movement of the kind. In Moscow
the union conducts a store and one
of the leading men has been invited
to come to Colfax and address the
union at an early date The next
meeting of the Colfax local will be
held on Saturday of this week.
EIGHTH GRADE EXAMINATIONS.
Many Students to Take Test for Higli
Examinations for eighth grade stu
dents will be he'd at 36 central points
In Whitman county next Thursday
and Friday, January 18 and 19. The
examinations will also be held in
some isolated rural districts too far
from central points for children to
travel. The examinations in Colfax
will be conducted in the Department
al school building.
About 700 students in the county
will take the eighth grade examina
tions this year.
SMALL AMOUNT OF REAL
ESTATE TAXES UNPAID
TREASURER SHOWS GOOD REC
ORD FOR WHITMAN COUNTY
In his annual report to the county
auditor on the 1910 real estate taxes
which were collectable in 1911 Treas
urer Duncan shows that only $33,804
remains uncollected. The report of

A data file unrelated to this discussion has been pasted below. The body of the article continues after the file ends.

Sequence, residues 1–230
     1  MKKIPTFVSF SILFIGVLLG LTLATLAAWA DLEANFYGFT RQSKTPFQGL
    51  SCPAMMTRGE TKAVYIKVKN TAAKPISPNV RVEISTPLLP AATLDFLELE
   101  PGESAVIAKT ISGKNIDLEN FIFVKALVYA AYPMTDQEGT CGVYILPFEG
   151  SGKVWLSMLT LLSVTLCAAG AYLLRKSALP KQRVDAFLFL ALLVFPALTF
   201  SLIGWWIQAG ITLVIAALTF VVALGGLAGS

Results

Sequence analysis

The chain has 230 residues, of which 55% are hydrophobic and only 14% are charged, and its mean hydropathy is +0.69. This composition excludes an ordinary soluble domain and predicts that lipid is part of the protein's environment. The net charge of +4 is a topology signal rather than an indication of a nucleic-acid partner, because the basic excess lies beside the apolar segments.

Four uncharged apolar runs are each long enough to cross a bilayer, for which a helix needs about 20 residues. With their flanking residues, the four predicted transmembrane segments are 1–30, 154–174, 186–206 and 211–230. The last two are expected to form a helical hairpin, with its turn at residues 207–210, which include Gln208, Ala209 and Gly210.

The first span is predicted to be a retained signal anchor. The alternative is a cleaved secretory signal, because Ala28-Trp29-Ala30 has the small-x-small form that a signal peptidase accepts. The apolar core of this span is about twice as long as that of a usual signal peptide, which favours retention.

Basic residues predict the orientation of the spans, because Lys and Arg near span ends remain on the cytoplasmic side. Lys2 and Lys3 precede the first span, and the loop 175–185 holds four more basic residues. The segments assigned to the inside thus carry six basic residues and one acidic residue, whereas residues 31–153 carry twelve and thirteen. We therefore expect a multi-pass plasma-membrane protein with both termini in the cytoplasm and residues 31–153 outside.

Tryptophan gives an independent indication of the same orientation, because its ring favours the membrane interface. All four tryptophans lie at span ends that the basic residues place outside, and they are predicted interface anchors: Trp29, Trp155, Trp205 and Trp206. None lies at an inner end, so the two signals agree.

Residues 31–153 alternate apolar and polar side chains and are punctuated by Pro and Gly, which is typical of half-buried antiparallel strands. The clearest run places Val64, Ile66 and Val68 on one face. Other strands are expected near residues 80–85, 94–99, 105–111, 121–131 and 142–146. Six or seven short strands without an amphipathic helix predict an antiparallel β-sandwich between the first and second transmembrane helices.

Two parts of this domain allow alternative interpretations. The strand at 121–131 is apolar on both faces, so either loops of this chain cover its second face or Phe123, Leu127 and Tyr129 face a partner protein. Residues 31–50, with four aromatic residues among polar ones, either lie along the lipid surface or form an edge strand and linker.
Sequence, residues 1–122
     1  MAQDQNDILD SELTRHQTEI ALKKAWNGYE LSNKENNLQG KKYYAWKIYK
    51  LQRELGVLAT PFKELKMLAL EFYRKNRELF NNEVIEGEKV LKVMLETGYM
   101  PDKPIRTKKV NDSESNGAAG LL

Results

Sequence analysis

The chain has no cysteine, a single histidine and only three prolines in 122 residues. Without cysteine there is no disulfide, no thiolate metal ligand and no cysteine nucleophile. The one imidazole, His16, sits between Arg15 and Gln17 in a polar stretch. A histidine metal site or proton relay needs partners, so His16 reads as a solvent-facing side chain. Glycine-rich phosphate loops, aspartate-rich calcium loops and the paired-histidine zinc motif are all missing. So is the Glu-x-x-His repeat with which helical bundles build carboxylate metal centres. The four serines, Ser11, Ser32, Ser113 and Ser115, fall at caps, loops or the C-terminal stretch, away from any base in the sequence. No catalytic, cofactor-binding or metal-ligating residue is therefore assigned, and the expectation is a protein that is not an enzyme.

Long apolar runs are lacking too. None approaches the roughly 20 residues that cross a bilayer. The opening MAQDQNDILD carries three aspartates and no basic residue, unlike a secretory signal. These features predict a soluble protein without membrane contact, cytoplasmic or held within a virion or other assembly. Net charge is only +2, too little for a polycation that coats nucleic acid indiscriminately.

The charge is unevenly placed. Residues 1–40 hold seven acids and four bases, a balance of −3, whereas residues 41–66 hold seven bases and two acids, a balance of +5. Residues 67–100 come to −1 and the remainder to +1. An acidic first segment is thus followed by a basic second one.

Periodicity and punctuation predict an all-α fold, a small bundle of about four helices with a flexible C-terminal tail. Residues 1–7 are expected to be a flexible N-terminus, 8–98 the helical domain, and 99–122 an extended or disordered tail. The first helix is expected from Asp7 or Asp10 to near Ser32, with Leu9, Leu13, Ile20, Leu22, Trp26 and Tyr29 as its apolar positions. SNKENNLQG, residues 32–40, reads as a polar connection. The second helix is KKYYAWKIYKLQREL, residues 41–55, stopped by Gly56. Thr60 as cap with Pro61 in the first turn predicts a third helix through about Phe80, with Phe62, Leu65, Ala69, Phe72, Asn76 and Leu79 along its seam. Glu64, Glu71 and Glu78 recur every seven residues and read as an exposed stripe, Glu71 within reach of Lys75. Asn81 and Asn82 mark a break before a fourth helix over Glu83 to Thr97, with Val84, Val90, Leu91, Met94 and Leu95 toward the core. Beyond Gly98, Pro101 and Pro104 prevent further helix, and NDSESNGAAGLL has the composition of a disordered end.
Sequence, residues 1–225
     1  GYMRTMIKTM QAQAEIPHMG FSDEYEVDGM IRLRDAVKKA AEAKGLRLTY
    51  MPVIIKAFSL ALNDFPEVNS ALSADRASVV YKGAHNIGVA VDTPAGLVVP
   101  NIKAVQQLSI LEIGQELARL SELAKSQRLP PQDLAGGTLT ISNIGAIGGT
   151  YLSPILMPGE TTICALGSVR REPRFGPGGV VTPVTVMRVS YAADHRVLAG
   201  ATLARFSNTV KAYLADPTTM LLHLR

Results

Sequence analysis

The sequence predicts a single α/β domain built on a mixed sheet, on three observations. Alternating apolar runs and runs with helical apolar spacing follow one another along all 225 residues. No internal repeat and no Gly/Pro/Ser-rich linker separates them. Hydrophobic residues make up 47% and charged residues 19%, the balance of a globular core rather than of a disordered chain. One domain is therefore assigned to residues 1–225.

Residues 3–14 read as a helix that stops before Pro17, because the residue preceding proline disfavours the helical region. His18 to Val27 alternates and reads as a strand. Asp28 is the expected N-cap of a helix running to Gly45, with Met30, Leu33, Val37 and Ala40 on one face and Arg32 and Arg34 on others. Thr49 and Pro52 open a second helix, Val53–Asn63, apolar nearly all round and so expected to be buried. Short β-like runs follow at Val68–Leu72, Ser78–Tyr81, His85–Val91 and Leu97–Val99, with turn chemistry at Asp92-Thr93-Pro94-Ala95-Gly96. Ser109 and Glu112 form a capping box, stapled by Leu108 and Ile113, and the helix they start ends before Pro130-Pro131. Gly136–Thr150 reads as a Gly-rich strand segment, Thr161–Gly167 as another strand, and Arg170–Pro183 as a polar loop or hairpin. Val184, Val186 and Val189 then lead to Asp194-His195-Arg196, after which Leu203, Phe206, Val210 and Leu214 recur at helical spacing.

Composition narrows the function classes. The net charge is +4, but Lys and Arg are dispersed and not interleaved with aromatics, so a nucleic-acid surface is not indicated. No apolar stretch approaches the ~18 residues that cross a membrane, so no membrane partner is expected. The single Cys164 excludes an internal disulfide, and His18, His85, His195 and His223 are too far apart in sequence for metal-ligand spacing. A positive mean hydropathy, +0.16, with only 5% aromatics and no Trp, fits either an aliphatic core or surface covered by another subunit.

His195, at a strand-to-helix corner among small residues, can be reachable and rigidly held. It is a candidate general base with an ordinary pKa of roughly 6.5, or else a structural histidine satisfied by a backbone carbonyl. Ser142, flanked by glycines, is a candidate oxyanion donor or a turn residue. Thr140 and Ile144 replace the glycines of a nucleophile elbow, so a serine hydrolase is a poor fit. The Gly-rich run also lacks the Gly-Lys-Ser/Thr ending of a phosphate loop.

the treasurer a year ago showed that
$154,858 of the 1909 tax remained
unpaid at that time.
The total amount of real estate
taxes charged to the treasurer at the
beginning of the year 1911 was
$882,052, the amount added to the
rolls by the treasurer was $945, mak
ing a tota' of $822,997 to be collect
ed. Of this sum $754,531 was col
lected, $34,661 was cancelled or re
funded leaving a balance of $33,804
Still unpaid. In the previous year
the amount charged to the treasurer
for collection was $819,662; added
by the treasurer, $1,067; total to be
collected $820,729; amount collected
$662,623; cancelled or refunded, $3,
--248; balance unpaid at end of year,
MOOSE INSTALL OFFICERS.
Good Time at Meeting of Young Fra